About this Project
Fifty years after its inception, the current position on the Neurological Standard for Declaration of Death (NSDD) is subject to a number of persistent concerns and novel criticisms. There remains considerable public confusion both about the meaning of the term “brain dead” and about its relation to the death of a human being. There is persistent dissent by some clinicians, philosophers, and other critical observers who have never been convinced that “brain death” is, indeed, the death of the human being. There are, as well, pressures against insisting that declaring death, or at least “organ donation eligibility,” requires the irreversible loss of function in the whole brain. And, perhaps most important, there are critics who have published evidence of ongoing integrated bodily activities in some patients meeting the criteria of “whole brain death” and who have claimed that this evidence invalidates the rationale for today’s consensus position. These challenges invite—indeed, necessitate—a reexamination of the neurological standard enshrined in law and medical practice. This research project will undertake such a reexamination.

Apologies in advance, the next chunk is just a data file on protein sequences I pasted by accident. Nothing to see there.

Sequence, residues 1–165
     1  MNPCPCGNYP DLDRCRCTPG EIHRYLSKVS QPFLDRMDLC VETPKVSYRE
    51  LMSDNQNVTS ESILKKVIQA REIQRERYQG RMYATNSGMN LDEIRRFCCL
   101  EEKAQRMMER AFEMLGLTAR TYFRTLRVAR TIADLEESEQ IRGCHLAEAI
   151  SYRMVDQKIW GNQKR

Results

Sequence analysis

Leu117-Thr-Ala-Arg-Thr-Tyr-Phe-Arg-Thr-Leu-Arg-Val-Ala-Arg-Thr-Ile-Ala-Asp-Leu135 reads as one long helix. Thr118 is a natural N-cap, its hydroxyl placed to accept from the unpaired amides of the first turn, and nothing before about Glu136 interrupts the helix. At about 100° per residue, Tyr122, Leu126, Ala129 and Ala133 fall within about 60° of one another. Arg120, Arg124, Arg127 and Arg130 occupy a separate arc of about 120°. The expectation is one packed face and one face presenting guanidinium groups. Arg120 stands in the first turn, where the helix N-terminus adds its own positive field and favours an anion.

IMAGE: Damien Hirst, The Physical Impossibility of Death in the Mind of Someone Living, 1991. © Damien Hirst and Science Ltd. All rights reserved / DACS, London / ARS, NY 2020.
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